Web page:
Business Standard

GM profit beats estimates but dented by pickup truck changeover


By Nick Carey and Paul Lienert
DETROIT (Reuters) - General Motors Co on Thursday reported a better-than-expected quarterly profit despite a drop in production of high-margin pickup trucks, as it gears up for new models that are expected to boost profits later this year.
Like rivals Ford Motor Co and Fiat Chrysler Automobiles NV, GM is banking on highly profitable pickup trucks to boost margins, as U.S. consumers shift away from traditional passenger cars in favor of larger, more comfortable trucks, SUVs and crossovers.
Executives said GM will reduce spending on traditional sedans in North America, while introducing new low-cost passenger cars next year in China and South America.
During the first quarter, the process of retooling assembly plants to make GM's new pickup trucks resulted in a drop in production of 47,000 units. GM Chief Financial Officer Chuck Stevens said the production drop had reduced pre-tax profit by up to $800 million.
Earlier this year, GM said its 2018 profits would be flat compared with 2017, but expected its all-new pickup trucks would boost margins later this year and in 2019. On Thursday, GM reiterated its full-year 2018 forecast for adjusted earnings in a range from $6.30 to $6.60 per share.
In late morning trade, GM shares were down 2.2 percent at $37.29.
The automaker said capital expenditures were more than $500 million higher in the quarter because of investments in its new pickup trucks and a family of low-cost compact vehicles under development with Chinese partner SAIC Motor Corp Ltd.
The new GEM (Global Emerging Markets) vehicles, which include sedans and crossovers, will launch in the second half of 2019 in China and South America, with annual production ramping up to 2 million by late 2021, Stevens said.
GM Chief Executive Mary Barra said the automaker has "a strong franchise" in South America, with the new GEM vehicles contributing to the bottom line.
GM CFO Stevens told reporters on Thursday the automaker has "already indicated that we will make significantly lower investments" in sedans in North America.
On a conference call with investors, he said GM executives "look at these car lines on a weekly basis, at how to drive performance (and) cost efficiencies."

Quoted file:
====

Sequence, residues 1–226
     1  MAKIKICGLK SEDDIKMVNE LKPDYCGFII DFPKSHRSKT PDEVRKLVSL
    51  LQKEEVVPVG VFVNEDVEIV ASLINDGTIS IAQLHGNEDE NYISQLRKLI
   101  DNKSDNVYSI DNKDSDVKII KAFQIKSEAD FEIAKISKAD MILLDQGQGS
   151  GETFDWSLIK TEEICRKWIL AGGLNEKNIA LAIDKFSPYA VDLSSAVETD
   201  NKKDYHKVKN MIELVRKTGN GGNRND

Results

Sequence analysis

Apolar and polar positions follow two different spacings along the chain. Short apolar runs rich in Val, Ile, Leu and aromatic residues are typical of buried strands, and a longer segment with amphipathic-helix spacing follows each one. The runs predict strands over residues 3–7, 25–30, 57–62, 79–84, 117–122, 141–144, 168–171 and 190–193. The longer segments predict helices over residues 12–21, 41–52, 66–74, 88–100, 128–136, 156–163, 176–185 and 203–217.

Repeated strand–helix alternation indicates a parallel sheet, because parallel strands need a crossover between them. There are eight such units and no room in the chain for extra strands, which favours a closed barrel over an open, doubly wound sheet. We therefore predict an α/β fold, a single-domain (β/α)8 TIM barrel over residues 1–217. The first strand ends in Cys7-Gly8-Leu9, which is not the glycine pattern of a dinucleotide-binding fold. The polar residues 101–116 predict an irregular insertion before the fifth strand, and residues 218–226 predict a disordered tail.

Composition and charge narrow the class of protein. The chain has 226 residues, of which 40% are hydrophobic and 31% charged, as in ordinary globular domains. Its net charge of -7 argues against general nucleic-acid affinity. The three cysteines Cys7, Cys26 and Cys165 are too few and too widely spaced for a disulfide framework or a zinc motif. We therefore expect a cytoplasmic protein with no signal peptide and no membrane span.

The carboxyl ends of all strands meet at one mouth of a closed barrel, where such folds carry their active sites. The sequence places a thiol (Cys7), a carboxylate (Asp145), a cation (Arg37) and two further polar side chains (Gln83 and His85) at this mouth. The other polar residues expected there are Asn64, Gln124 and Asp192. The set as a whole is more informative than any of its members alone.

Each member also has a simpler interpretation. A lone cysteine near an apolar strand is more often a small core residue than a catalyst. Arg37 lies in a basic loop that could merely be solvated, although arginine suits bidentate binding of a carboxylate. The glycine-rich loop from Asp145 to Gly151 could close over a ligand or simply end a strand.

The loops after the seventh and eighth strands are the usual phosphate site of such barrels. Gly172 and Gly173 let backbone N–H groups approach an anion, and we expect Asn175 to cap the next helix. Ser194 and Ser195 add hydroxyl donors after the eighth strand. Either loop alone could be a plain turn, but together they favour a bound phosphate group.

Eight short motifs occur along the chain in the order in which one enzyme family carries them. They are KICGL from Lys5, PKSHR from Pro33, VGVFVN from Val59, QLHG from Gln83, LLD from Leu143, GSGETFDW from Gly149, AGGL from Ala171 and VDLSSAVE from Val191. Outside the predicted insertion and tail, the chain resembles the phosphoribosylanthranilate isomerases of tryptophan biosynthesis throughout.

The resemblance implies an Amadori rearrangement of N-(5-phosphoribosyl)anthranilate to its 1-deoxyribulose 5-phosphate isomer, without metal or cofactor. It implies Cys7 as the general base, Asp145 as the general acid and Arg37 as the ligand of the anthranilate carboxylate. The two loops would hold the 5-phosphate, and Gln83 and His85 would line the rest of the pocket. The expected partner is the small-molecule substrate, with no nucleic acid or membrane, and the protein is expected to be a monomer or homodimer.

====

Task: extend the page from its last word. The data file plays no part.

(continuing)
On Wednesday, rival Ford said it would stop investing in most traditional passenger sedans in North America.
Stevens said GM expects to spend $1.1 billion this year to continue developing self-driving vehicles, as well as a ride-sharing operation and related future transportation projects. That compares with $700 million in 2017.
GM benefited from a lower effective tax rate in the quarter, but adjusted pre-tax margin fell to 7.2 percent from 9.5 percent a year earlier. Stevens said the company's profit margin should hit 10 percent or higher in the second quarter and for the full year.
GM said raw material costs were $200 million higher in the first quarter and it expects those costs to continue rising. The automaker said it would counter those increases with cost cutting measures.
"It is a more difficult environment than it was three or four months ago," Stevens said when asked about rising commodity prices from potential steel and aluminum tariffs announced by the Trump administration. "But we are confident we can continue to offset that."
The company reported quarterly net income of $1.05 billion or $1.43 per share, a drop of nearly 60 percent from $2.61 billion or $1.75 per share a year earlier. Analysts had on average expected earnings per share of $1.24.
Revenue in the quarter totaled $36.1 billion, down from $37.3 billion in the first quarter of 2017. Analysts had expected revenue of $34.7 billion.
(Reporting by Nick Carey and Paul Lienert; Editing by Nick Zieminski and Phil Berlowitz)

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First Published: Apr 26 2018 | 9:14 PM IST

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